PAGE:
The final route selected was very serpentine (it took 35 miles to travel 18 miles between Stevens’ Maria Furnace near Fairfield and the Main Line). Stevens’ critics dubbed the convoluted railroad, The Tapeworm. It apparently needed to be done this way to get over the mountain without the use of an inclined plane. Using the surveyed route, trains should have been able to pull 90 tons of freight up the mountain at 10 miles per hour without the use of an inclined plane.

Stevens was criticized that the twisting route was laid out to benefit his iron furnace. Hoch points out that Stevens owned three iron furnaces at different times. Two were in the Caledonia area, and one was near Fairfield. The Tapeworm route ran through the Maria Furnace property near Fairfield. However, that furnace ceased operation in 1837.

Hoch says that Stevens would have benefitted from the railroad, but it would have been in the same way that any business near the track would have. Transportation costs would have been lowered for those businesses, and they would have become more competitive with other businesses that were located near transportation lines.

End of the Line
In 1838, Democrats took control of the state legislature in a bitterly contested election that saw armed Democrats marching on the state house. Stevens found himself in the minority party and lost much of his support for the railroad.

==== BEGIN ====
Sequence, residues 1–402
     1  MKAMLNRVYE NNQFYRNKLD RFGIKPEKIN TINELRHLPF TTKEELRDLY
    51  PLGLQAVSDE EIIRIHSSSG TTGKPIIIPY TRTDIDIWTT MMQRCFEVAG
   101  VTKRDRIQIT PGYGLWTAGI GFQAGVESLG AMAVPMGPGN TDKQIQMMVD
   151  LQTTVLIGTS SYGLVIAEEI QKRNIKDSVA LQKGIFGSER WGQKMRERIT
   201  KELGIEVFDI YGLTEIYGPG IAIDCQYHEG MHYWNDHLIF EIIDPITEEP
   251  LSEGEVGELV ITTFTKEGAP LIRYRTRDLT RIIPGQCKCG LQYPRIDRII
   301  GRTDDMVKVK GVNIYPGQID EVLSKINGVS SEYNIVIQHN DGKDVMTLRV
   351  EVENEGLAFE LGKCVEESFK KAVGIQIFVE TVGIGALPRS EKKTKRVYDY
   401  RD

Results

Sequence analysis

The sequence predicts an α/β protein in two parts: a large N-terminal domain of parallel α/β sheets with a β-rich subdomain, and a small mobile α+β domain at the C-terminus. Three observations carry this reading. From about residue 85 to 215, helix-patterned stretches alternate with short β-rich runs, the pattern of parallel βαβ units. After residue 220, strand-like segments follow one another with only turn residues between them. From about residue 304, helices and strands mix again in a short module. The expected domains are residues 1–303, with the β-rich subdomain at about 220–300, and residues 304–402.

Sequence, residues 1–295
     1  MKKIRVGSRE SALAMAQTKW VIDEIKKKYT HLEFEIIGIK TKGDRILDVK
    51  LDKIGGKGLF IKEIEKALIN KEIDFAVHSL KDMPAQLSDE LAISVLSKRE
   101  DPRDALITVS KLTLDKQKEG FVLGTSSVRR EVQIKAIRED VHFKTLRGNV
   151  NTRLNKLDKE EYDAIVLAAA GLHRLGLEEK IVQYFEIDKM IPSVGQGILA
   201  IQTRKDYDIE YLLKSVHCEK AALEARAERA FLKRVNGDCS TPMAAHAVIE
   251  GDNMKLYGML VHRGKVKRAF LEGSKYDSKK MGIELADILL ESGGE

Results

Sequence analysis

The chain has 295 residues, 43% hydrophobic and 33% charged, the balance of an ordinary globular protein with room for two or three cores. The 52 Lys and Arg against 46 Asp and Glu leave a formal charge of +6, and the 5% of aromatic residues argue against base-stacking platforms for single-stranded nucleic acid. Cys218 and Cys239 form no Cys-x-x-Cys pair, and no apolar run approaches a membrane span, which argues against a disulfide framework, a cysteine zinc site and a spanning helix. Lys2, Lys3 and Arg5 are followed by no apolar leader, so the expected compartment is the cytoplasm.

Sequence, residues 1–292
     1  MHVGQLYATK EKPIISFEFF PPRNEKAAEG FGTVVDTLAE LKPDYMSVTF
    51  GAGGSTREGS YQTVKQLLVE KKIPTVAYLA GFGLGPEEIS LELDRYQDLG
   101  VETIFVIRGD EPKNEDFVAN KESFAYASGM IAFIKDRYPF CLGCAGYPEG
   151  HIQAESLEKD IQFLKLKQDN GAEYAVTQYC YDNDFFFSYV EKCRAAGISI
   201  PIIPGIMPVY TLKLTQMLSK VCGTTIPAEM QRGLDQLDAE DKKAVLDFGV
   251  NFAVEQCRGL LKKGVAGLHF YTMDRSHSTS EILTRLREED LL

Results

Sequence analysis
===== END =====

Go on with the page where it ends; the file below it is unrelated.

“Laborers and masons picked up their tools and walked away from Stevens’ only partially built line, leaving embankments, cuts and fills, and bridges unfinished,” according to the Pennsylvania Historical and Museum Commission.

Stevens, as a canal commissioner, had also authorized the government to spend much more than budgeted for the project. The 63-mile line had been estimated to cost $750,000 to survey and grade and $400,000 to lay track. “Pennsylvania spent $750,000 on the initial miles of grading, and never laid an inch of track,” Hoch says.

The final cost was $766,127 with very little to show for the expenditure.

When the property was offered for sale in 1842, no buyers came forward. It wasn’t until 1853 that the Western Maryland Railroad took over the property, and they didn’t do anything with it until 1885 when a line using much of the Tapeworm route was built to Orrtanna and then Highfield, Md.

“I searched, but I could not find any evidence that any money changed hands when the Western Maryland Railroad took over the property,” Hoch says. “It looks like they may have been given it.”

Stevens eventually overcame the stain the Tapeworm had on his reputation. He was elected to Congress in 1849 where he began to earn a national reputation. However, even as a congressman, he was a consistent supporter of railroads.

Although the Tapeworm Railroad was never built, Hoch says there is evidence that the graded route “may have acted as a trail or guide for the Underground Railroad.” He was given a tour years ago of some of the houses that would have been near the Tapeworm had it been built. Inside these homes, he was shown hidden rooms where slaves traveling on the Underground Railroad could have hidden.

Today, there are still remnants of the railroad that can be seen in Adams County. Perhaps the best known is the McPherson Ridge railway cut, which was the location of some of the first day’s fighting during the Battle of Gettysburg. Other artifacts that remain are a single-arch bridge over Toms Creek near Iron Springs, a viaduct at Virginia Mills, a cut near Marsh Creek, a railbed near Willoughby Run, and the Seminary Ridge railway cut.